There are a number of passages in scripture addressing the believer's interaction with government/authority. Whether it be Israel's judges and kings, or the people of Israel in exile, or Christ in the Roman Empire, or Paul dealing with both Jewish and Gentile authorities. We will not use this space to try and address every possible response to authority, but rather offer an overview and guidelines.
The seemingly competing ideas at hand in this age are;
- Does the believer wholly submit to all governmental authorities as being ordained of God?
- Does the believer have the right and/or the duty to oppose wicked or unjust rulers?
Daniel is one of the greatest example of submitting to the authorities of man, while remaining faithful to God.
Daniel is, indeed, an interesting place to look. In Daniel and his fellow obedient Israelites we see those that clearly honor those in authority. Daniel says to King Darius, "Then said Daniel unto the king, O king, live for ever." Now, I believe there is a context to this usage, but be that as it may, Daniel is clearly honoring the King.
Of course, Daniel says this after defying the decree of the King to worship only him. So, we are able to see in Daniel both an honoring of the true God and an allegiance to him that was in authority over him. But be sure, Daniel and his friends openly defied the law of the land. They took the punishment willingly, but that does not negate their defiance of the King's decree for the King's decree was in defiance of the true God (especially for an Israelite).If I stood beside certain powerful American politicians and administrators, I would not scoff at their decrees, but I would surely tell them that they in defiance of God's word and will.
That's the crux of what I am saying. I'll acknowledge my superiors in the workplace. I submit to the establishment's rules. I'll follow the state governor's guidelines... except where they are in defiance of God's word and will. That is the crux of the matter. If my place of employment has a provision whereby I can protest a decision or policy, it is within my rights to do so.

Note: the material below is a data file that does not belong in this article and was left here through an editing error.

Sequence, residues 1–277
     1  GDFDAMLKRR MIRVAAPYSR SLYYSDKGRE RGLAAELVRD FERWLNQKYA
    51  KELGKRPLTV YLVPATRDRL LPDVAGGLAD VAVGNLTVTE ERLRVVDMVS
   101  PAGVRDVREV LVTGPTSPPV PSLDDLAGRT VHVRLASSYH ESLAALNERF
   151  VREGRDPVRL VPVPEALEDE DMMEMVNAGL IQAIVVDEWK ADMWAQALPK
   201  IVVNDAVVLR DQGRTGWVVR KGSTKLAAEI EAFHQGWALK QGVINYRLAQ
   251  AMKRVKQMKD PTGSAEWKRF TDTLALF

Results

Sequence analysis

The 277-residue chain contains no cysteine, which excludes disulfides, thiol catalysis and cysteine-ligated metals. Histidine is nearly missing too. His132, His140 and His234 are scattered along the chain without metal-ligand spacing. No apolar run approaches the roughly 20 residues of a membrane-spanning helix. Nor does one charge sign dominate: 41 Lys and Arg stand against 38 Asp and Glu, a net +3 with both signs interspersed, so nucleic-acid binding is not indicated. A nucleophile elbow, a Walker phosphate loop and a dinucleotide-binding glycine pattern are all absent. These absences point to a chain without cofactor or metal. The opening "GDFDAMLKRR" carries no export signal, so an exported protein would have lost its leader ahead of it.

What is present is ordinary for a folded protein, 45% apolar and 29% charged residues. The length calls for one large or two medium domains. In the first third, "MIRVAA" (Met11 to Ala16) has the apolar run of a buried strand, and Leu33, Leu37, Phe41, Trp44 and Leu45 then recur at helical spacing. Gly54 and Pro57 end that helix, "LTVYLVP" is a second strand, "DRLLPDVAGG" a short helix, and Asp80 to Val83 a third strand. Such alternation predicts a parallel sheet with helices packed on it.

I would thus suggest that the powers that rule us are not necessarily of God. They are part of God's permissive will (like my sin), but I would not conclude that God is complicit with their rulership or that it is his necessarily directed will. The Antichrist will be part of God's permissive will, but that does not mean believers will be required to submit to his rule. We are all familiar with the "mark" of the Antichrist and we all know defiance of taking this mark will come at a price. But, as we all know, it is God's will that this decree (and the other dictates from "Babylon") should rightfully be resisted.
And the Lord said unto Samuel, Hearken unto the voice of the people in all that they say unto thee: for they have not rejected thee, but they have rejected me, that I should not reign over them.
-1 Samuel 8:7
Was the placing of Saul as King over Israel God's will? No. It was only part of his permissive will.
Although I don't believe we have anything to do with Israel and God's will for the earthly kingdom, it still stands true that the seating of Saul (wrong tribe) and Jeroboam (wrong line) were allowed by God, but in no way could be seen as his will. David obeyed Saul in any way that was consistent with such required obedience, but he clearly defied the king when he was outside God's will.
When the army of Pharaoh was chasing the children of Israel, was it their duty to submit? Was it the Lord's will that they go back to Egypt as Pharaoh desired because it was Lord who placed him over his people?
As noted, in a representative Republic, power resides with the people. All power of rulers is derived from the will of the people. We have full recourse to oppose anything that defies God's will, God's word, or the restrictions placed on leaders by the Constitution.